For most people, their assets are too high to qualify for Medicaid (which is called MassHealth in Massachusetts), but their assets are not sufficient to pay for nursing home care, which statistically is a stay of 36 months.   The average cost of skilled care in a nursing home in the Greater Boston area is about $15,000 per month or $180,000 per year.  It is not uncommon to see the cost close to $16,000 or even higher per month.  That’s where Medicaid planning with an elder law attorney comes in. The attorney will know what assets are countable and what are exempt.  More importantly, the elder law attorney will know how to protect those assets in accordance with the Medicaid requirements and regulations.

While it may be tempting to give away assets, there is a five-year lookback period.  And, a DIY long term care plan can unintentionally result in ineligibility, given the time frame for the need for skilled care.  The rules about gifting assets are complicated and mistakes are non-negotiable.  The result may be a delay in eligibility.

If you are planning for someone else, such as an elderly parent, be sure that they have a durable power of attorney and a health care proxy and the agent under those documents is the person assisting the elder.    Why are these documents so important?  If you or your loved one becomes incapacitated while you are either planning for long term care or applying for MassHealth benefits, your agent will be able to legally assist with the Medicaid planning and file the Medicaid application.  Without these essential documents, the incapacitated individual will need to have a conservator and/or guardian appointed by the courts.

An elder lawyer will be able to help you and your family with planning for Medicaid, and with an application. You’ll be better off relying on the help of an experienced attorney.

Reference: The Dallas Morning News (March 15, 2020) “Planning a must: Medicaid and paying for nursing homes”

 

What I Need to Know about Caring for a Loved One with Dementia

Family caregivers of dementia patients must be more prepared for immediate changes in temperament. They need more support and respite care, and they need a better idea of what to expect in the days and months ahead.

Forbes’s recent article entitled “When Your Loved One Has Dementia: 3 Questions For Family Caregivers” provided three important questions to ask if your aging parent or family member has been diagnosed with a form of dementia.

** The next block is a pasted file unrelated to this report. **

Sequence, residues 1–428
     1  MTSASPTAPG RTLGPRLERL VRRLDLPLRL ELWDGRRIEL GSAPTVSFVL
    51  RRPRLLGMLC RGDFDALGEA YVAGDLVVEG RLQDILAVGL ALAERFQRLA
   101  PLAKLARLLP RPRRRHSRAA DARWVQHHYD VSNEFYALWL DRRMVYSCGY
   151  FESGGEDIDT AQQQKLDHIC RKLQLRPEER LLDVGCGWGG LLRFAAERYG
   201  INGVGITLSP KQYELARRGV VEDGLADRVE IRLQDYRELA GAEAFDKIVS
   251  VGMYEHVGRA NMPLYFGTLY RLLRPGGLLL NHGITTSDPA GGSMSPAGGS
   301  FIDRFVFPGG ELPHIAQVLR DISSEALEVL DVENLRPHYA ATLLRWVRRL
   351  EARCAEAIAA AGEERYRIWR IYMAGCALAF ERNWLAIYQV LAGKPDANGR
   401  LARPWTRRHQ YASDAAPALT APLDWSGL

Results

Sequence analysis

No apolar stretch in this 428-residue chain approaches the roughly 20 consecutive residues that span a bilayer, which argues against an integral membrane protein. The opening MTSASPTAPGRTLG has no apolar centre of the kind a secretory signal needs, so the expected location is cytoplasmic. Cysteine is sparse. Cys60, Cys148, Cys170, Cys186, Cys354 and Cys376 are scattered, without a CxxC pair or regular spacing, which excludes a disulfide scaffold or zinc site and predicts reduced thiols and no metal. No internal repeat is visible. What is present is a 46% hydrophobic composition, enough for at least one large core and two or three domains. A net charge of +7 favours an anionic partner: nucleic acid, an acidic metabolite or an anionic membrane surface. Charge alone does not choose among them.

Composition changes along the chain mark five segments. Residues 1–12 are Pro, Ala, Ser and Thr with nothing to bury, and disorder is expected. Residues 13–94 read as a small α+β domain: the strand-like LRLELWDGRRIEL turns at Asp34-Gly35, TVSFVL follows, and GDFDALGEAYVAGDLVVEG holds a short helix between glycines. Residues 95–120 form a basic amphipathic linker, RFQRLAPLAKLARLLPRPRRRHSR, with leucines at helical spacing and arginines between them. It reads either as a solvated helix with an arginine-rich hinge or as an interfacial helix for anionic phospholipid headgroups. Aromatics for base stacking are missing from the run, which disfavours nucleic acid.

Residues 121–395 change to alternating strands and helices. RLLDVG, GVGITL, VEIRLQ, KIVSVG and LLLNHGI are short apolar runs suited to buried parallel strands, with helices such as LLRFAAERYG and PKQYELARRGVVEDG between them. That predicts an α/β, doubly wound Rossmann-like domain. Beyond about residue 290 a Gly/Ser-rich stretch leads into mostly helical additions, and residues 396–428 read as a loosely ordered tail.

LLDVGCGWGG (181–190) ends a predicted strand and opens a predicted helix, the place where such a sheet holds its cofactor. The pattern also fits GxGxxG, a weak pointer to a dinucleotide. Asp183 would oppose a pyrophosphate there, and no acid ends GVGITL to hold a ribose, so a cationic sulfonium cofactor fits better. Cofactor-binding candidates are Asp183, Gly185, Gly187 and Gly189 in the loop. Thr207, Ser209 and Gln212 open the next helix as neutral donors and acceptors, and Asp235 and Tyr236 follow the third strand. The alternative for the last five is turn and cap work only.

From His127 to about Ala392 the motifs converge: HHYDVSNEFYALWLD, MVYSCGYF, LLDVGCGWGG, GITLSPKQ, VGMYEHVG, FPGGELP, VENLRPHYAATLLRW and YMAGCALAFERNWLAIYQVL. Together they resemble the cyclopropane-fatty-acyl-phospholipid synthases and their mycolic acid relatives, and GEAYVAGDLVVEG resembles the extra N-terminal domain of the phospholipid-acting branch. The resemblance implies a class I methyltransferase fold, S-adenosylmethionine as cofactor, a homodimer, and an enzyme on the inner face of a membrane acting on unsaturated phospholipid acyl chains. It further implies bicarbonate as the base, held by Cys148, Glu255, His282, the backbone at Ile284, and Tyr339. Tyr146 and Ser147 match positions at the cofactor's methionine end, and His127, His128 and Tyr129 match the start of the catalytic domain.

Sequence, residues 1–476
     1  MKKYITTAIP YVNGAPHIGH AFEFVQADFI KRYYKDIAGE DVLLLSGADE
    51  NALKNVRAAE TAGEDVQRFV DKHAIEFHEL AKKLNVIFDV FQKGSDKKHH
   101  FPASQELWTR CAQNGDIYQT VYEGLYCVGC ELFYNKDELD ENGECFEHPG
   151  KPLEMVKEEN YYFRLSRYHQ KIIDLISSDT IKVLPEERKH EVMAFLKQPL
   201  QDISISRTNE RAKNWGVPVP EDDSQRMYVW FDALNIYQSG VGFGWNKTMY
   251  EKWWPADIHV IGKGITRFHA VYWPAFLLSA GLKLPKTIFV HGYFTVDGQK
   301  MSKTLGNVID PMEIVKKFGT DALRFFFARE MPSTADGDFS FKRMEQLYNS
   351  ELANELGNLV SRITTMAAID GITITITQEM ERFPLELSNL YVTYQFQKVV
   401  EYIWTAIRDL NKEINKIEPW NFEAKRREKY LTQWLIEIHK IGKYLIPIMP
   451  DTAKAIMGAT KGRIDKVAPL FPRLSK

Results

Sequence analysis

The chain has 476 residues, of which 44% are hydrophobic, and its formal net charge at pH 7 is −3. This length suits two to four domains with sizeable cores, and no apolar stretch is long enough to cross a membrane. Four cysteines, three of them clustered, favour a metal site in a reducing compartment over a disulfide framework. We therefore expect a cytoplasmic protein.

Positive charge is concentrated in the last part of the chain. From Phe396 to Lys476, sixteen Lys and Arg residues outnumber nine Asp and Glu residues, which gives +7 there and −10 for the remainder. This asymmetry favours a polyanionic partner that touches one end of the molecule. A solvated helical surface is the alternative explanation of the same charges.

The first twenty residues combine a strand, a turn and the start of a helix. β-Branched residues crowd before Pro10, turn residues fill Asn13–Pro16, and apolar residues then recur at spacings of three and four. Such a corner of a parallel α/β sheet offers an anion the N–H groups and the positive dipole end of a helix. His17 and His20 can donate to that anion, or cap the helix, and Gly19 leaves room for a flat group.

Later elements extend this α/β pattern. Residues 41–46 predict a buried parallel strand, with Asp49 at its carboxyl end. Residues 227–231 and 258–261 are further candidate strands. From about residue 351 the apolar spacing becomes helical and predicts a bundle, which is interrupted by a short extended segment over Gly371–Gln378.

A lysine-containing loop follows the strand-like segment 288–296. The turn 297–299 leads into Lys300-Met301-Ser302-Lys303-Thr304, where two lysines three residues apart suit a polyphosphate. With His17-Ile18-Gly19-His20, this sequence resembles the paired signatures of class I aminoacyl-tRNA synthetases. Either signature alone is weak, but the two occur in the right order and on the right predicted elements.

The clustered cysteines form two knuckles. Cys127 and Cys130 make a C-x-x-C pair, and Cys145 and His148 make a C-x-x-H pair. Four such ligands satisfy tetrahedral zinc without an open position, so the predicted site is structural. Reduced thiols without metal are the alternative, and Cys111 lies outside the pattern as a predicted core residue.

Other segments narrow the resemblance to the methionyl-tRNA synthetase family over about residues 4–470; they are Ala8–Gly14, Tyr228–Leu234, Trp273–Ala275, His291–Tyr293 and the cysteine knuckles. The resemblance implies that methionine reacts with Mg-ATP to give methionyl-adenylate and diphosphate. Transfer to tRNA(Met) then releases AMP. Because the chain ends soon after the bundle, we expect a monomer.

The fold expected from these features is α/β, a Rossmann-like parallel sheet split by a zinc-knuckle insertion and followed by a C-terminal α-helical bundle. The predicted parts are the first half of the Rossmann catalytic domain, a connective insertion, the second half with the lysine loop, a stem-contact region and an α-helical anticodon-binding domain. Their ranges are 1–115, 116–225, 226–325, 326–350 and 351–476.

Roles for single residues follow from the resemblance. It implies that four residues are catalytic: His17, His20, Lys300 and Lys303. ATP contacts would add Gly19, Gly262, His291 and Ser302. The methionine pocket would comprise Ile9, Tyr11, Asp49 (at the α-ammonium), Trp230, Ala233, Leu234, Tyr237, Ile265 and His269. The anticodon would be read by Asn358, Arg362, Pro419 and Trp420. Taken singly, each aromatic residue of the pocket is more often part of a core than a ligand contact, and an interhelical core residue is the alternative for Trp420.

What training must I have? When a parent, friend, or other loved one in your care is has dementia, you should look to local healthcare resources for education and training.

The temperament of people suffering from a form of dementia can change swiftly. It can rapidly turn hurtful or even violent. However, there are things a caregiver can do to interact with them to help keep them calm. Ask their healthcare provider for suggestions or referrals.

As a caregiver, do I have the legal standing to take care of this person? You should determine if your loved one has a will, durable power of attorney, and living will in place, along with a healthcare proxy. These are documents that must be drafted and signed, before their dementia progresses to the point where it totally distorts your loved one’s thought process.

The documents provide instructions as how to care for them, according to their original wishes and avoid stress in the family, if disagreements arise. Contact an elder law attorney as soon as possible to create these documents.

How do I get help when I need it? Caring for an aging loved one can be a very tiring task. Tending to the needs of an aging loved one with a form of dementia is an even greater challenge. Begin planning now for self-care.

You can’t take care of a loved one with dementia, if your physical and mental health is wiped out and you are exhausted. Look at respite care options to give yourself the rest you’re going to need.

Getting these measures ready now can ensure that you are prepared for the tough future.

Reference:  Forbes (March 23, 2020) “When Your Loved One Has Dementia: 3 Questions For Family Caregivers”